CBS News and Sports President Sean McManus has announced that he officially named David Friedman the new executive producer of “The Early Show” effective January 2010. He replaces Zev Shalev who left the program yesterday.
McManus is looking to take advantage of the impending “Good Morning America” switchover with the hire, saying in a statement, “The show has been making advances and we are committed to decisively moving to the next level. The change in the competitive landscape is a terrific opportunity for us to bring on an experienced and creative EP with a fresh approach and a demonstrated track record of success.”
Friedman was most recently the EP of “Last Call with Carson Daly.” He also spent six years at NBC’s “Today” show. Press release after the jump.
DAVID FRIEDMAN NAMED EXECUTIVE PRODUCER OF CBS NEWS’ “THE EARLY SHOW”
Sean McManus, President, CBS News and Sports, announced today that David Friedman has been named Executive Producer of CBS News’ THE EARLY SHOW. The appointment will be effective January 2010. In this role, Friedman will report to McManus.
“David’s wide-ranging talents and experience in news, entertainment and primetime specials will be enormous assets to the broadcast and to CBS News,” said McManus. “THE EARLY SHOW has a great on-air team in place, the show has been making advances and we are committed to decisively moving to the next level. The change in the competitive landscape is a terrific opportunity for us to bring on an experienced and creative EP with a fresh approach and a demonstrated track record of success.”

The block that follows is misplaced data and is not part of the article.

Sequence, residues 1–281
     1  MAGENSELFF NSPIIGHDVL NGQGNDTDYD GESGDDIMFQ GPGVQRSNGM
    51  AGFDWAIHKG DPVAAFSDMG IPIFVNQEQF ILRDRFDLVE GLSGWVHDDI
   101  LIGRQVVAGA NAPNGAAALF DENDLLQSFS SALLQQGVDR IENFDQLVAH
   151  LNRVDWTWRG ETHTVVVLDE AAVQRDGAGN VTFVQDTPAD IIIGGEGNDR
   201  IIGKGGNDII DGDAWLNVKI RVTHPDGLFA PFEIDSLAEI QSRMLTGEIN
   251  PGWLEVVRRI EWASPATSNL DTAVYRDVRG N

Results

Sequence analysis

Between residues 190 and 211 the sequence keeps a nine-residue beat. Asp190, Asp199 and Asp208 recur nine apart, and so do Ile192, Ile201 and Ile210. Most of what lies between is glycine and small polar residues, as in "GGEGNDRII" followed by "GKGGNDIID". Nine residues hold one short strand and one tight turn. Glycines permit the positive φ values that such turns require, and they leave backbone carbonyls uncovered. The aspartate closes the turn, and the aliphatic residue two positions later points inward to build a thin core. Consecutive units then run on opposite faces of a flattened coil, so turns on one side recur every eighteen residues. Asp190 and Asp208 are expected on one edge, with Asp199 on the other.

Friedman, who spent six years at the “Today” show, has been with NBC in a number of roles since 1993, most recently as executive producer of “Last Call with Carson Daly,” where he innovatively and successfully experimented with and evolved the show’s format and content. He annually executive produces NBC’s New Year’s Eve special broadcast and recently executive produced the “2009 Macy’s 4th of July Fireworks Spectacular.” Prior to that, Friedman was a producer and development executive for NBC Studios.
During Friedman’s tenure at “Today,” he rose swiftly from researcher to producer. His responsibilities for “Today” included producing their 2000 Olympic coverage in Sydney, overseeing multi-camera shoots with on-air talent and producing high-profile interviews and performances. He began his network career as a researcher on the NBC primetime newsmagazine “Now” with Tom Brokaw and Katie Couric.
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